You should also think of Harry Gallatin.
Harry Junior Gallatin -- Harry was his actual birth name, not Henry or Harold -- was born on April 26, 1927 in the St. Louis suburb of Roxana, Illinois, and grew up there. He served in the U.S. Navy during World War II. He enrolled at Northeast Missouri State Teacher's College, now known as Truman State. The first day he was there, he met a woman named Beverly Hull. They married about a year later, and stayed together for the rest of his life. They had 3 sons, and lived to see 8 grandchildren and 6 great-grandchildren.
"Competition has always been my cup of tea," he once said. He was competitive enough to get his bachelor's degree in just 2 years, and to get a master's degree from the University of Iowa while still playing basketball (and nowhere near Iowa, at that).
The Knicks made him their top draft choice in 1948. In 1951, he was selected for the 1st NBA All-Star Game, and the Knicks made the NBA Finals for the 1st time. They made it again in 1952 and 1953.
But, despite having Hall-of-Famers Gallatin, McGuire and Clifton, and All-Stars Carl Braun (originator of the "Swish!" yell for a nothing-but-net shot), Vince Boryla and Max Zaslofsky, and being coached by Hall-of-Famer Joe Lapchick, the Knicks lost in the Finals all 3 times: To the Rochester Royals (including future Knick coach Red Holzman, now the Sacramento Kings) in '51, and to the Minneapolis Lakers (who moved to Los Angeles in '60) in '52 and '53.
Still, this Knick team should not be dismissed simply because they failed at the last, 3 times. In the wake of the college basketball point-shaving scandal of the early Fifties, and with television becoming a factor, including in sports, these early Knicks were the 1st basketball team (college or pro) to truly be embraced by TV viewers, before Red Auerbach could get his Boston Celtics started on their dynasty. And Gallatin was a big reason why.
One of many men named Harry to be nicknamed "Harry the Horse," he was small for a center, 6-foot-6. Yet on March 15, 1953, the last day of the regular season, he grabbed 33 rebounds, a Knick record that still stands, 62 years later, although tied by Reed. He also scored 30 points. However, much as the Philadelphia Warriors did when Wilt Chamberlain set the league record of 55 against the Boston Celtics, the Knicks lost this game, and it wasn't even close: 81-69.
Gallatin was selected for the 1st 7 NBA All-Star Games, 1951 to 1957. The Knicks traded him to the Detroit Pistons in 1958, and he played one more season with them before retiring. He still holds the Knicks' club record for consecutive games played, with 610. He also played professional baseball, reaching Class B ball in 1949 and '50, before he decided to concentrate on what was clearly his better sport.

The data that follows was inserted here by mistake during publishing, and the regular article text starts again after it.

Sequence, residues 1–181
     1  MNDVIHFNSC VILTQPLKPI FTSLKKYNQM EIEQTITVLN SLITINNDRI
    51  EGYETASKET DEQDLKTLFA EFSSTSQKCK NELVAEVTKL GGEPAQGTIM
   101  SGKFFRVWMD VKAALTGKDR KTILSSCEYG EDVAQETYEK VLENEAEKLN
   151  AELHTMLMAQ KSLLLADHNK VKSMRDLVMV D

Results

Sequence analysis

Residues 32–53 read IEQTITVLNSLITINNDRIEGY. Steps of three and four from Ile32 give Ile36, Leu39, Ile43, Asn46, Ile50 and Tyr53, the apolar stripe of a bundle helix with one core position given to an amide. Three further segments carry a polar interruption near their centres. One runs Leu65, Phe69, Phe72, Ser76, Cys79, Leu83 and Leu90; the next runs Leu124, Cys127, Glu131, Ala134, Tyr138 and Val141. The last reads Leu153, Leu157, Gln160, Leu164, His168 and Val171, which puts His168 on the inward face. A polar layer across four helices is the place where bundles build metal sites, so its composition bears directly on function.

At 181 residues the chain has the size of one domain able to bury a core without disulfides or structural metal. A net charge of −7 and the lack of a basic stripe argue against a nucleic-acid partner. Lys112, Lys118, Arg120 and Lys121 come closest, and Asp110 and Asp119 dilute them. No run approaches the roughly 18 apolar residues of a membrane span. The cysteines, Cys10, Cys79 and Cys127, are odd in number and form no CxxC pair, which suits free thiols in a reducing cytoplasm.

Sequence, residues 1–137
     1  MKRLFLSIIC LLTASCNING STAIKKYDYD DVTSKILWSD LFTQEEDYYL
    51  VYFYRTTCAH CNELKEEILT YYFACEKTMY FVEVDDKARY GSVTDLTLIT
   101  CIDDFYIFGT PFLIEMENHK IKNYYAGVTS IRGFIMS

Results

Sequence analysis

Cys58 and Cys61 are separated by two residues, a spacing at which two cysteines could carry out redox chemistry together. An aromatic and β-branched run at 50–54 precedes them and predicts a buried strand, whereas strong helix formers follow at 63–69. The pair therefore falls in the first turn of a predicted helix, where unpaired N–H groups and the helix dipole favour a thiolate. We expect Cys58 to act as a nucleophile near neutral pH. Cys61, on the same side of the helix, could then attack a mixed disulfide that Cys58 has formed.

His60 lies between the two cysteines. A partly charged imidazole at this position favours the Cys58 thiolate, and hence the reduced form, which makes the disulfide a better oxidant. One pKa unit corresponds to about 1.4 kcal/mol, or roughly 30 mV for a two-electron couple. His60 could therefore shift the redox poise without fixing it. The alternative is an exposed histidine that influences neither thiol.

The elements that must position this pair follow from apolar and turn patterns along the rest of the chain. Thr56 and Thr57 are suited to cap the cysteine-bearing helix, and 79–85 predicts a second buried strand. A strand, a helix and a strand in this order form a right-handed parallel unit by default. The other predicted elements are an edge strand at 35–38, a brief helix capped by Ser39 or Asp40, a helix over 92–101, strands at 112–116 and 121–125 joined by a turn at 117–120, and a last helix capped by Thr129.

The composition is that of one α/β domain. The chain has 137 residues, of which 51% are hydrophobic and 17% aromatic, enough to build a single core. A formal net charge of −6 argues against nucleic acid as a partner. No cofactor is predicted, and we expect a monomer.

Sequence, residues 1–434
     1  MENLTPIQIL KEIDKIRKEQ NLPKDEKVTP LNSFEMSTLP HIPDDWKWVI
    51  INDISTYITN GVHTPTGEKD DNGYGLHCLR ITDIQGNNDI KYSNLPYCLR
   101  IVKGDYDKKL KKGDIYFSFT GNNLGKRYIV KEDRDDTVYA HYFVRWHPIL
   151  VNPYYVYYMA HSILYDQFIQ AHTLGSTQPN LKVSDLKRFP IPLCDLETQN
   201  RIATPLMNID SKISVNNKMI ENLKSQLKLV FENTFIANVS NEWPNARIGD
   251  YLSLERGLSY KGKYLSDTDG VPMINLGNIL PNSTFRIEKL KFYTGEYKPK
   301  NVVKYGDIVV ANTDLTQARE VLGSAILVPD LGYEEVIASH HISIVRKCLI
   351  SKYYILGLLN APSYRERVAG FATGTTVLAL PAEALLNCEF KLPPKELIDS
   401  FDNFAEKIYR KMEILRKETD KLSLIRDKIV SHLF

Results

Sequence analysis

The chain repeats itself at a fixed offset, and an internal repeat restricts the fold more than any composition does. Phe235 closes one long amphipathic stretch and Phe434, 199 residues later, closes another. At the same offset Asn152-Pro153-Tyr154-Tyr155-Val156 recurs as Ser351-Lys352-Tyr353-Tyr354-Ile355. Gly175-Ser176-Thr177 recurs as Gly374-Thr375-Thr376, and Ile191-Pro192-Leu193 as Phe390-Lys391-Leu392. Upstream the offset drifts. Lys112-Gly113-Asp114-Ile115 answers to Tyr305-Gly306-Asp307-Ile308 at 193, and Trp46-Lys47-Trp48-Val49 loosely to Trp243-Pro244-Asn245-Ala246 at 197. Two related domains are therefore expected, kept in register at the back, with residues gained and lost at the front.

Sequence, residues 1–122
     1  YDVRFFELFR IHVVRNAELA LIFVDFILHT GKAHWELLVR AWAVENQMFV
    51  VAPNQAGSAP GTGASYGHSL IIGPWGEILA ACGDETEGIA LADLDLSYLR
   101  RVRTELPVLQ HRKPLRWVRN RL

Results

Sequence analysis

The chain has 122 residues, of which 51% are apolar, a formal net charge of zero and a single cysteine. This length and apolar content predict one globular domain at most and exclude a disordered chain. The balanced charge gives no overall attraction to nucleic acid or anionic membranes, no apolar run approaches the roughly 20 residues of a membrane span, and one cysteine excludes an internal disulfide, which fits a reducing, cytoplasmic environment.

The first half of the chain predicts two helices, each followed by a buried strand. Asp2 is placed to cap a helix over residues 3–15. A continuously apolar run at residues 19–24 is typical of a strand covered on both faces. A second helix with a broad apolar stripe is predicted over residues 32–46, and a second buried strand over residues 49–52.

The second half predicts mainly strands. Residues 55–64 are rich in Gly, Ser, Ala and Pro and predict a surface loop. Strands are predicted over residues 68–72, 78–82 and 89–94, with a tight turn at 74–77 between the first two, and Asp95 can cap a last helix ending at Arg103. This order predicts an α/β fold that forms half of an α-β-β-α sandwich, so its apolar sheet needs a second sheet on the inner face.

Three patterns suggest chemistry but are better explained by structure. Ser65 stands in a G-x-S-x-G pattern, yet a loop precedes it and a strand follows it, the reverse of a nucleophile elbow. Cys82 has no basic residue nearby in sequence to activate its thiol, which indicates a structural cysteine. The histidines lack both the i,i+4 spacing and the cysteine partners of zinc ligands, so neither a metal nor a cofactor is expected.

Right after retiring, he was named head coach at Southern Illinois University. However, he did not stick around long enough to coach Walt Frazier there, as in 1962 he was named head coach of the NBA's St. Louis Hawks, and got them to the Eastern Division Finals in just his 1st season, winning NBA Coach of the Year honors.
In those days, the Knicks were terrible, and they went through head coaches like disposable razors, including former Knick players Boryla, Braun, McGuire and Andrew "Fuzzy" Levane. They hired Gallatin midway through the 1964-65 season, and let him go midway through 1965-66. He returned to Southern Illinois University, to their Edwardsville campus, which, unlike its main campus in Carbondale, which particpates in NCAA Division I, is in Division II. He served SIU-Edwardsville as basketball coach, golf coach and athletic director. He won 19 NCAA Division II Championships coaching their golf team, and in 2013 their new golf training facility was named for him.
He was inducted into the Basketball, Illinois High School Basketball, SIU Salukis and Missouri Sports Halls of Fame. Earlier this year, he was honored at a Knicks Legends Night, and added to the Madison Square Garden Walk of Fame.
At the Knicks Legends Night earlier this year.
Harry Gallatin died on October 7, due to complications from surgery. He was 88 years old. He may not be remembered by Knick fans under the age of 65 -- some in their late 50s might remember him as a failed coach -- but he should be remembered as one of the groundbreaking players of the NBA.